Kaffe Fassett Collective prints are the “mega-stars” in this happy little quilt, with a variety of gray-and-white fabrics playing a supporting role. The biggest challenge was gathering neutral fabrics that would visually separate from the colorful prints, and each other. My “Best Friends” pattern includes my paper-piecing sheets for the half-rectangle triangles (I call them “skinny triangles”) and cutting guides to minimize fabric waste and keep the outer edges of the triangle units on the straight of grain. I named my quilt “Best Friends” because although the blocks are made up of different colors and patterns, they all get alonglike friends! 36” x 36”
Do you ever make a quilt based on the one you just finished? That’s what happened with this version in my “Urban Quilt” series. Three different colorways of Anna Maria Horner’s “Raindrops Poppies” fabric inspired the three different blocks. I repeated each block three times, making this a super-fast project. (This is a photo of the unfinished quilt top.) My “Urban Sunsets” pattern includes everything you need to make this quilt. 41" x 41"
Urban Poppies Table Runner
No time to make a quilt? How about a three-block runner? You’ll find the yardage requirements and step-by-step instructions in my “Urban Sunsets” pattern. 14" x 41"
Spumoni is a "molded Italian ice cream made with layers of different colors and flavors, usually containing candied fruits and nuts." It seemed an apt title for a busy, cheerful quilt made of mostly Kaffe Fassett patterned and striped fabrics. The original plan was to make individual "color-story" blocks and separate them with neutral sashing. But when I looked at the blocks casually stuck on my design wall, I knew they were meant to be together. I had to let go of my idea of Kaffe-only fabrics; a few Michael James and Moda stripes were just the ticket. See Store for the pattern. This quilt is now a Zoom workshop. 38" x 38"
Lustrous Squares II
Here are Lustrous blocks made using Gradations ombrés and Kaffe Fassett prints. I wanted to space out the blocks with sashing, and although I have many black-and-white prints, I went with this dramatic design. To keep the blocks from blending with the sashing, I added narrow red flanges. The skinny strips of intense color make the blocks appear to advance, as if they’re floating above a black-and-white background. Machine quilted by Cathy Stone. 48” x 48”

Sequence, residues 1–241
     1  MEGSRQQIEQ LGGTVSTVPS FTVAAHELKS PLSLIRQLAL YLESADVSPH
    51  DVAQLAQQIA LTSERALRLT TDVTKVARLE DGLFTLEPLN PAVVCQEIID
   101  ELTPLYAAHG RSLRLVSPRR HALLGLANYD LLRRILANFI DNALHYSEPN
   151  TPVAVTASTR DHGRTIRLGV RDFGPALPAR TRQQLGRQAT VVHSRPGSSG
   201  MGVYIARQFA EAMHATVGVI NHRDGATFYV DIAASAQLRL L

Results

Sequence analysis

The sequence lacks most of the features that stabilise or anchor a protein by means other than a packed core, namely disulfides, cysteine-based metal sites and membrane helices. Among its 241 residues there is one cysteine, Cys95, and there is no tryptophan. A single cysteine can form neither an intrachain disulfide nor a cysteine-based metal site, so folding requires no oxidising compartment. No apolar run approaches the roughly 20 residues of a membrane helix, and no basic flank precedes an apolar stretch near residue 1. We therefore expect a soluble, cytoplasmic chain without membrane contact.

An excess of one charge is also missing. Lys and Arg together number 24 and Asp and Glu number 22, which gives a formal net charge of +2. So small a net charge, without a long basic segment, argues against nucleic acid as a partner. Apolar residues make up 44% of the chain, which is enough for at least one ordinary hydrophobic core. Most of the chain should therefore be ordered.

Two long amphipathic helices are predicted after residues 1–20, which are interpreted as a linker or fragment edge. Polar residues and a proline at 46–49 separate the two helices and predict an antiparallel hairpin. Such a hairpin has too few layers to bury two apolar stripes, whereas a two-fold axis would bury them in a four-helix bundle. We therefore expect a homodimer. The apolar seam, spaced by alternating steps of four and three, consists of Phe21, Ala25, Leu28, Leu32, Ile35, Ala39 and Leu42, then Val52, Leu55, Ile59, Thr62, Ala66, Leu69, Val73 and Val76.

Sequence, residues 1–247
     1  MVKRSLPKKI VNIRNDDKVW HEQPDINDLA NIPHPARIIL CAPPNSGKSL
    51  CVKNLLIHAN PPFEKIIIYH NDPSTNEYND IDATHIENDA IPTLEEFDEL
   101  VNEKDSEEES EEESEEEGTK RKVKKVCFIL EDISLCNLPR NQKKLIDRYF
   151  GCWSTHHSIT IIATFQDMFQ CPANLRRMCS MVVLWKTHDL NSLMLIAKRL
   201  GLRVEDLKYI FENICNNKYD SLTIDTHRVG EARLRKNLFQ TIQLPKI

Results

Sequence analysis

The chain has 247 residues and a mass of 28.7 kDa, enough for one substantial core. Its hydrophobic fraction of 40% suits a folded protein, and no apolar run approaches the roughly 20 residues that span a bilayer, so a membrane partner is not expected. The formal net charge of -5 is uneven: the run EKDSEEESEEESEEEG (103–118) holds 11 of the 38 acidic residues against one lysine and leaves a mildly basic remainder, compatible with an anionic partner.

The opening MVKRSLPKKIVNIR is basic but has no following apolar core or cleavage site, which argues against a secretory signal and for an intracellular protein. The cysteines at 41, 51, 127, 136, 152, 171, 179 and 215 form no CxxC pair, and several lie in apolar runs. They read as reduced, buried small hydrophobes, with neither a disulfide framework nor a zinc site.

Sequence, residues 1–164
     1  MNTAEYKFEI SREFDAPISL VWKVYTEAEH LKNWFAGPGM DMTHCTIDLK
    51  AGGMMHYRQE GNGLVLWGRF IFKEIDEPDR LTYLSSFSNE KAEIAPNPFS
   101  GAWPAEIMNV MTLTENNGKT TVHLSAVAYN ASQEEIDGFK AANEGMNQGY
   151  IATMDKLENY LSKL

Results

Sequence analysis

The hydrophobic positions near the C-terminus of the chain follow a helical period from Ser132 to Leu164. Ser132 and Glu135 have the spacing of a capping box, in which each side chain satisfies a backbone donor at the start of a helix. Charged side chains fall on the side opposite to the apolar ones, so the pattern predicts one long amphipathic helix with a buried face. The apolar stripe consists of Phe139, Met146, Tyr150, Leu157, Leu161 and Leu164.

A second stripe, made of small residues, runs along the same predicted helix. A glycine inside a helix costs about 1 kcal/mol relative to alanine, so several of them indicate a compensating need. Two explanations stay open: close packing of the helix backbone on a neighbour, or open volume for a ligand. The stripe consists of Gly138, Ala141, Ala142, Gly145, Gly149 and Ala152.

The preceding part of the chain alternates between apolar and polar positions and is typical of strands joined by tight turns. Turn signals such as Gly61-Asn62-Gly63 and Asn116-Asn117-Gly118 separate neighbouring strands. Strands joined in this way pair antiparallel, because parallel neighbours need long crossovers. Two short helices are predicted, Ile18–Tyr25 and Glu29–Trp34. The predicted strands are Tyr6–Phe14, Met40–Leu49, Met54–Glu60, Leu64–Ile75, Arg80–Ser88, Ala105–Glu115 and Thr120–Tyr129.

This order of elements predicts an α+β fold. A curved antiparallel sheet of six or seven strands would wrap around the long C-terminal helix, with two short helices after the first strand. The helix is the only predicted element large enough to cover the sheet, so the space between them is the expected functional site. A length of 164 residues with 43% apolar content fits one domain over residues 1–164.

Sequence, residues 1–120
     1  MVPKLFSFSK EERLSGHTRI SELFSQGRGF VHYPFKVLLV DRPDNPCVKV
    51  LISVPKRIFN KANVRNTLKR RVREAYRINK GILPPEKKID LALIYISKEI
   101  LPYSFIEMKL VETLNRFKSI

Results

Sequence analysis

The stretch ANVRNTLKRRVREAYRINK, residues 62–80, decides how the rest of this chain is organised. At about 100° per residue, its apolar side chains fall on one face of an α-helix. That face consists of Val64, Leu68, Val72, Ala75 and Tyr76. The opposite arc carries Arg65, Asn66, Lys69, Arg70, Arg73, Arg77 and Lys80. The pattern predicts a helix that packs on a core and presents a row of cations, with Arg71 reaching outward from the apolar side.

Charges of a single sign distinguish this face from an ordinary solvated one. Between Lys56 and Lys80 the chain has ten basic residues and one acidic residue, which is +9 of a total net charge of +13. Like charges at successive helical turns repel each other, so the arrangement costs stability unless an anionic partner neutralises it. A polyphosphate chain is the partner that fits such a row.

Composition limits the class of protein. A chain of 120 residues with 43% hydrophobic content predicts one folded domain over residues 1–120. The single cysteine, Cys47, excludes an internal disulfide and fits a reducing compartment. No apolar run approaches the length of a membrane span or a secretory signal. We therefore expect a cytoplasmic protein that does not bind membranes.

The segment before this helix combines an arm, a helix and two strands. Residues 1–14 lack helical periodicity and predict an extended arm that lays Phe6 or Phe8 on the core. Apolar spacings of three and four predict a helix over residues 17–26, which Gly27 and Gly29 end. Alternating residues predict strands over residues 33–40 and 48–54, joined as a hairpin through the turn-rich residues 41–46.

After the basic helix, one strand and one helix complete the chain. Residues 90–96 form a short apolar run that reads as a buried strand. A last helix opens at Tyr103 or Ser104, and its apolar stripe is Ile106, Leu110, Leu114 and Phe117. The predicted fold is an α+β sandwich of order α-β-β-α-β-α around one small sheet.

This super-simple quilt takes advantage of the color and value gradations of ombré fabrics. By orienting the strips around the center square so that the light ends are in the upper right of each block and the dark ends in the lower left, you can suggest a sweep of light from a side source. A large-scale black-and-white border sets off the bocks but doesn’t compete. 50" x 50"
Parent/child transparency, the illusion of two see-through colors overlapping to create a third color, is a challenge, but the reward is in the result. In this small quilt (featured in the Summer 2016 issue of Modern Patchwork) I used mostly Grunge fabrics and a few solids. Each block is made up of three valuesa light "parent," a dark "parent," and a medium "child." It requires precision, so tackle it when you're feeling confident and careful. 36" x 36"
I love what happens when you combine prints, stripes, and variegated fabrics. In this quilt, rich ombrés are paired with one gray ombré to create the illusion of light sweeping across the surface. Marcia Derse's organic prints in the block centers give the design visual weight. Add black-and-white stripes to complete this "urban environment." Machine quilted in a random plaid pattern by Cathy Stone. This quilt is now a Zoom workshop. 42" x 42"
When I first saw the "Serenity" ombrés, their subtle gradations reminded me of satiny metallic surfaces. Orienting the ombré strips so the light flows in both directions gives the quilt a sense of movement. Aligning the motifs in the sashing creates a smooth visual transition. Machine quilted by Sandra Bruce. 46" x 46"
Combining fabrics has to be my favorite step in making a quilt, or in this case, a bag. I chose a green Marcia Derse print, a Kaffe Fassett stripe, and a multicolored batik. The fabrics are sewn onto a foundation of pet-screen materialnot the easiest "fabric" to work with, but it makes for a very durable bag.